Like its predecessor, most motorists haven’t noticed it yet. And they won’t until early December when a group of volunteers adorn it with lights, tinsel and ornaments.
The Rt. 7 Christmas tree is back.
For the past 40 years, Rt. 7 drivers have seen a decorated Norway spruce in the median just west of Leesburg during each Christmas season. When the tree was removed last spring as crews widened the highway and many residents wondered whether that tradition also would be lost from Loudoun’s ever-changing landscape.
It will not.
As Shirley Contracting Company works to wrap up the project in coming weeks, it recently planted a new tree—a 14-foot Norway spruce—at the westbound off-ramp to West Market Street.
Among those frequent Rt. 7 drivers who bemoaned the loss of the holiday tree was Catoctin District Supervisor Geary Higgins (R). He persuaded the Virginia Department of Transportation to replace the tree. He worked with Farid Bigdeli, VDOT’s Transportation and Land Use director for Loudoun County, to make that happen.
Higgins was not alone in the effort. When Shirley Contracting had to cut down the old tree, they offered to donate a replacement, VDOT representatives said. Rick Meyer, a Shirley Contracting worker from the Purcellville area, contacted Jay Frye, president of Blake Landscaping, and the two got together to see what could be done.
The end result was a tree donated by Shirley Contracting and planted by Blake Landscaping—a tree that didn’t cost the state or the federal government a dime.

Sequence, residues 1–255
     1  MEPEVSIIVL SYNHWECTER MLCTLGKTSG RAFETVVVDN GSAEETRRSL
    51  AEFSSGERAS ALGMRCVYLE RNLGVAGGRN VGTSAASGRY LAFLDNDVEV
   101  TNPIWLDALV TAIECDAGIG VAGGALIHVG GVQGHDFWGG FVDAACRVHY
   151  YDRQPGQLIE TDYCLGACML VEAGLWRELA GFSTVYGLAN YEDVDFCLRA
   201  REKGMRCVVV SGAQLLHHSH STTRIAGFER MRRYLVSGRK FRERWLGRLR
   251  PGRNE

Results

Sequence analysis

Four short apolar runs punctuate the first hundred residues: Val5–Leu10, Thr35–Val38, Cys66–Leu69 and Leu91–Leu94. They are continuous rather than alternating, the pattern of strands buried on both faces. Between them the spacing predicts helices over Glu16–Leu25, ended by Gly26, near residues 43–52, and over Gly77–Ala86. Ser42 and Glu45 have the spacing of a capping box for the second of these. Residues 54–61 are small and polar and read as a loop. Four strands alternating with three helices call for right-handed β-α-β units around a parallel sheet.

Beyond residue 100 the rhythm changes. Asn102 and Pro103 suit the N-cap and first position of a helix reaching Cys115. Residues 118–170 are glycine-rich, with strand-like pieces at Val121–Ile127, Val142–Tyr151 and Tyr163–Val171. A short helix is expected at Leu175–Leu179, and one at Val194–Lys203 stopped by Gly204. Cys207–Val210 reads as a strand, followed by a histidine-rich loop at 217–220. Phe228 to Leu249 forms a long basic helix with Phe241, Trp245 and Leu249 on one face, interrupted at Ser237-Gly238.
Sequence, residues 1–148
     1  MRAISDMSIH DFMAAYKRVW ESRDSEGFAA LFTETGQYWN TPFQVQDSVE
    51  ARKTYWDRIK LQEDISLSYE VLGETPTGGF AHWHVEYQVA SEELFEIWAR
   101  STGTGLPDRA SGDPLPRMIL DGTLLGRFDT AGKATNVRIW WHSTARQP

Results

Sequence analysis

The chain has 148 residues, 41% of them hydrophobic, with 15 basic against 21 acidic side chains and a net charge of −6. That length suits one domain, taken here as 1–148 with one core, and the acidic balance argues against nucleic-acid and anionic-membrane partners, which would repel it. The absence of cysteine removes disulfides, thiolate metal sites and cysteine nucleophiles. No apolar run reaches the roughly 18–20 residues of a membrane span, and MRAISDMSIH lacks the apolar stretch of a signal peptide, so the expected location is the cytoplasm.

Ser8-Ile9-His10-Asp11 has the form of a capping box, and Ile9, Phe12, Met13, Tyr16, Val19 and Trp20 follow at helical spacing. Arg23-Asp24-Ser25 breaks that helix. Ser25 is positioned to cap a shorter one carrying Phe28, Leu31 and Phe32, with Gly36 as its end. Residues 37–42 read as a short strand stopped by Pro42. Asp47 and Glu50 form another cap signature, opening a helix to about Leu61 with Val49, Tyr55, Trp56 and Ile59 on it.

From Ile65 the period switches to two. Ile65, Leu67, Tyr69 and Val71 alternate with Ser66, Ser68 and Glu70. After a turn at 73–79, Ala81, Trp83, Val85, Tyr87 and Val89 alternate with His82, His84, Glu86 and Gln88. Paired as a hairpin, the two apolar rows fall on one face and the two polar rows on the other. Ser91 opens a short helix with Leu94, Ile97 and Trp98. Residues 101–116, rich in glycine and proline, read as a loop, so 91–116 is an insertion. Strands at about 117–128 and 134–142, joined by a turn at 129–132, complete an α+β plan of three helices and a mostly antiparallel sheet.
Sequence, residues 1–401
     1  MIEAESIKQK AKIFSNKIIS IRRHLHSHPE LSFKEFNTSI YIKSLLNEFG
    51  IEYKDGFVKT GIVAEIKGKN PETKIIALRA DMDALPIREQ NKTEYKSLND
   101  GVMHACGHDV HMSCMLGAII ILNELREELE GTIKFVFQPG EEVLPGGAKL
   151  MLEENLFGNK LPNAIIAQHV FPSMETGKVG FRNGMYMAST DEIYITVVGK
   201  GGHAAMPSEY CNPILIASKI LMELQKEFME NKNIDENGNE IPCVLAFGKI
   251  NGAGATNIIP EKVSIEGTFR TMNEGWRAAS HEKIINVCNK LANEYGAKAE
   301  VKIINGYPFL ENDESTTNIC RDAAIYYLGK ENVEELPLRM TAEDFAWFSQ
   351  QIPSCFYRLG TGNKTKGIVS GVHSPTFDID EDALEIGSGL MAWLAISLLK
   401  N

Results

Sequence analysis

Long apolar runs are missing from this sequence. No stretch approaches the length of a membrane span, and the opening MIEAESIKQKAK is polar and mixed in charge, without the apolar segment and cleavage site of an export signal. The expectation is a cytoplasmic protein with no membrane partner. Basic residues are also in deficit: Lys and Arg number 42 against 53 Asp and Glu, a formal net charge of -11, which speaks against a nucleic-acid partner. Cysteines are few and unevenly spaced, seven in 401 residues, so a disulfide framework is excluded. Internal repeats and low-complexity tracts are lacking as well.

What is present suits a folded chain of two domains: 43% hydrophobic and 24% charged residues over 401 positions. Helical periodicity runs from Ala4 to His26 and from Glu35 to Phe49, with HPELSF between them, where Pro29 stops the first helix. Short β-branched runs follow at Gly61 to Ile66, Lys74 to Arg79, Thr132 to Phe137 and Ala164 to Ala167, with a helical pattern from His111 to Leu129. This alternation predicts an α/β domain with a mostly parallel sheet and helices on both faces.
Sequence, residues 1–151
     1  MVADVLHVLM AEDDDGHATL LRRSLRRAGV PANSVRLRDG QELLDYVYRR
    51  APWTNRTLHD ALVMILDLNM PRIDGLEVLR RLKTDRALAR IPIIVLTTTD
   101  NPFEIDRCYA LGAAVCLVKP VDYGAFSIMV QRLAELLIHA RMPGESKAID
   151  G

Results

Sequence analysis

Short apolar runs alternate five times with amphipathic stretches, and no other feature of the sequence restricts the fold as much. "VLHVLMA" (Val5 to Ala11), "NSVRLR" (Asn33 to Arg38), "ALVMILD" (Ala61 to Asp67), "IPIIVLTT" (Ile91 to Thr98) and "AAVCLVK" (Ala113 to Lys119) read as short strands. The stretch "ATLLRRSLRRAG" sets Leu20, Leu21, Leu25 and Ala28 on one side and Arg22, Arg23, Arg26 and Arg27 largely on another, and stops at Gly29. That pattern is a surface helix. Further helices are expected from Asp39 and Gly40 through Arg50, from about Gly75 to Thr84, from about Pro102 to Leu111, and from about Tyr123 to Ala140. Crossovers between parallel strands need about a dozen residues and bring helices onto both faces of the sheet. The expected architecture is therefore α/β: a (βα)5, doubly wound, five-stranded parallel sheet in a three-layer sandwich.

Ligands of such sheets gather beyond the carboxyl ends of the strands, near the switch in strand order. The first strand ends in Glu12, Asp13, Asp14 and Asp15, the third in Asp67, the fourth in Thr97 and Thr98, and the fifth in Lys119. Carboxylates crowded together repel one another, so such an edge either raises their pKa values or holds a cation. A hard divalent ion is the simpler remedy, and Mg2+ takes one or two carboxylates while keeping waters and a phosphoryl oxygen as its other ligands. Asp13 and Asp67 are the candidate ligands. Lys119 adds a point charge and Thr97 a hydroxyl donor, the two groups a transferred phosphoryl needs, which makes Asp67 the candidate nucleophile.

“We’re very happy we could get it done,” Meyer said.
Just who decorated the tree each year was largely a mystery. One day the Norway spruce would be bare—then—overnight, it sparkled with lights, ribbons and countless decorations. Rumors long abounded as to who was responsible, but it was not until the tree was removed that the volunteers came forward publicly.
Bill Bosley said he had decorated the tree for 40 years, along with his brother Jim initially, and later with Joe Marker and Mike Breedon.
In the beginning, Bosley saw the little tree—then only 4 feet tall—in need of a friend and started the great Christmas caper as a gift to the community.
After Jim died, Bosley, Marker and Breedon continued the work—to such an extent that there was an outcry when the tree ultimately was cut down last spring. The contractors gave sections of the tree to the men as keepsakes.
Will Bosley and his elves return the task?
“We’re not going to tell you,” Bosley said, chuckling, last year.
Contact Margaret Morton at [email protected]